Roti Devotee: Aman Cafe serves Burmese cuisine with a special twist | East Bay Express

Aman Cafe is Tiyo Shibabaw’s second restaurant. Its first, Teni East Kitchen, is next door. Where Teni East Kitchen serves a range of Burmese fare, the Aman Cafe is devoted to one dish, “mostly flaky and buttery Malaysian roti canai”. Roti is a flatbread, a great side dish for soaking and sponging up curries and sauces. But Shibabaw decided to make roti the star of his own restaurant because “Everyone in Teni East orders roti. I realized I could take it a step further.

The chef and owner said she wanted to combine this popular dish with vegetables like golden beets, carrots and potatoes. “We created this spicy coconut sauce that goes really well with it,” said Shibabaw. She viewed roti as a blank canvas, in the same way pizza or focaccia dough is used. In this iteration, its business model emulates a creperie. Aman Café serves savory and sweet dishes.

I tried one in each category and shared them with a friend. The “Roti Comfort” ($ 10) is served with a mixture of vegetables and tofu. My friend, a roti fan, remembers trying it for the first time in a restaurant in Burlingame. I first tried it in Straits, on Geary Boulevard in San Francisco, long before the restaurant closed. While I couldn’t quite explain this, Roti Comfort was slightly salty and slightly sweet. Maybe it was the addition of tofu that added an element of sweetness.

“Zag Roti” ($ 7) is definitely a dessert. The roti is decorated with a banana, cut into slices that have been cooked in condensed milk. After cooking, the milk took on a dark golden brown color. Basically it turned into syrup. Other sweet options include variations with seasonal fruits; one of which uses vegan condensed milk and black cumin, or black cumin seeds.

The menu as a whole is remarkable for serving vegetarian dishes. There is only one starter with chicken, vegetables and spices ($ 11). Shibabaw herself is not a vegetarian, although vegetables make up up to 80% of her diet. But after running Teni East for five years, she noticed an interesting statistic. She found that 25% of Teni East’s menu is strictly vegetarian (the menu includes seafood, lamb and beef), but that 50% of its sales came from vegetarian orders.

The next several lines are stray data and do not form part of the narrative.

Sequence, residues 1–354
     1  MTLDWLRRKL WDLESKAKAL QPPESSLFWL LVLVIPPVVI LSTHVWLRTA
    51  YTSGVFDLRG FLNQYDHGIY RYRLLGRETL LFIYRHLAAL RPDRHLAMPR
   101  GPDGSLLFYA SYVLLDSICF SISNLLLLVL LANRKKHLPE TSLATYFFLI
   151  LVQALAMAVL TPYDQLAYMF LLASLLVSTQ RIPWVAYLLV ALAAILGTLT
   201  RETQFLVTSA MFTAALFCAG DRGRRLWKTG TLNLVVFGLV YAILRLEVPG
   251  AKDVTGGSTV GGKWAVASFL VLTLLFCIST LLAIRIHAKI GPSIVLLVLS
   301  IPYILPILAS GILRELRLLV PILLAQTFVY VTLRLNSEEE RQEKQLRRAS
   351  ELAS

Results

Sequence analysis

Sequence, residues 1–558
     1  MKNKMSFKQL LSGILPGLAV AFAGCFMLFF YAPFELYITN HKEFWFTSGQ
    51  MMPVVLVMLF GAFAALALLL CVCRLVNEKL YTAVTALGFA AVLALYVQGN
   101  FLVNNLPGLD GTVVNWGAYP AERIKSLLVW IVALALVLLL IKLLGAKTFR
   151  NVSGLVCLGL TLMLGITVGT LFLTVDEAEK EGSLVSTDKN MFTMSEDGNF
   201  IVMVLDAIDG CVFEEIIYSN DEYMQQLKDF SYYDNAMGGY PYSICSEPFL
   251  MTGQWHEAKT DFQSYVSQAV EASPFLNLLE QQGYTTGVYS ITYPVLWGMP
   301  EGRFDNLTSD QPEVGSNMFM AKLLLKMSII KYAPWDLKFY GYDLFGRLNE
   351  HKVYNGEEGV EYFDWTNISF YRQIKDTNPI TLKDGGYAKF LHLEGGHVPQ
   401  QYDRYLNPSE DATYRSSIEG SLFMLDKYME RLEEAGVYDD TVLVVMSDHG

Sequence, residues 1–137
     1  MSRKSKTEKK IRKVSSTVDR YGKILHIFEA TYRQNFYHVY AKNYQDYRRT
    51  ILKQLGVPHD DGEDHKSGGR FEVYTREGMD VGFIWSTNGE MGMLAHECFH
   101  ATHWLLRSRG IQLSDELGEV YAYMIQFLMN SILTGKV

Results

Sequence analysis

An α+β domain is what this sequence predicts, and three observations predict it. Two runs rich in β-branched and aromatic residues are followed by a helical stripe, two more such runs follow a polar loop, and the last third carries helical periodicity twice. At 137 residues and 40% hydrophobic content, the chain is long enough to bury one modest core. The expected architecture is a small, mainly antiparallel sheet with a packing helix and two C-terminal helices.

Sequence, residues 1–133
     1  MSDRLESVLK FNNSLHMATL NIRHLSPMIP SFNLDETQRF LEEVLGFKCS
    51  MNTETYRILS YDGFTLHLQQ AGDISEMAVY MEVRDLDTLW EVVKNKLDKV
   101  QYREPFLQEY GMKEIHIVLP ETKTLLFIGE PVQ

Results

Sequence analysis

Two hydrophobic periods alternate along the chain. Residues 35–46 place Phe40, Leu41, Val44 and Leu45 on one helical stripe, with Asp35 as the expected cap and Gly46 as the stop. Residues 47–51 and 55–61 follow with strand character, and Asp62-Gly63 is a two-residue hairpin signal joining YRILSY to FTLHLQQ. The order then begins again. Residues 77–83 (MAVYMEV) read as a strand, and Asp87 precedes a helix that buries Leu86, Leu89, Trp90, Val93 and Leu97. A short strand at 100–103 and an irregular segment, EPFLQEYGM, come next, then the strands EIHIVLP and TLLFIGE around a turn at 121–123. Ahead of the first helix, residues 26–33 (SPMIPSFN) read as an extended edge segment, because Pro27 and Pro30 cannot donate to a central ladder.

Shibabaw was born in Ethiopia, but after moving to Oakland in 1997, she decided to stay. “One thing about Oakland – you can really travel without traveling, right on Telegraph Avenue,” she said. “You can go to a Korean, Ethiopian or Eritrean restaurant. She joined the Burma Superstar restaurant group in 2007 to familiarize herself with cooking and to learn how to cook Asian dishes. When Burma Superstar expanded to East Bay, Shibabaw managed the front and back of the house at the Alameda location.

“I have worked with so many immigrants from Burma, spending time with them and learning how they layer the dishes,” she said. She discovered that their approach to cooking was similar to the techniques of her own Ethiopian family. “The only things I had to get used to were the fish sauce and the shrimp paste. “

After 10 years with Burma Superstar, Shibabaw wanted to make his own take on what Burma food is. Along with Teni East and Aman Cafe, she is also working with her friends now. “I wanted to mix some Southeast Asian herbs and spices with some California greens and make it a little fresher and shinier,” she said. “That’s what Teni East Kitchen is.”

Growing up, Shibabaw helped out at his parents’ restaurant. “It’s a small town where my parents built a hotel that only serves the community,” she said. But the chef, who trains her staff to prepare the dishes on her menus, has also learned to cook at home. “It’s a big family, which cooks for 30 or 40 people a day. Running two restaurants seems a lot less complicated. “The Bay Area in general I think it’s really amazing,” she said. “I am constantly learning and growing as a person. “

Aman Café, open Monday to Saturday 8 am to 3 pm; 4021 Broadway, Oakland. 510.922.8749.

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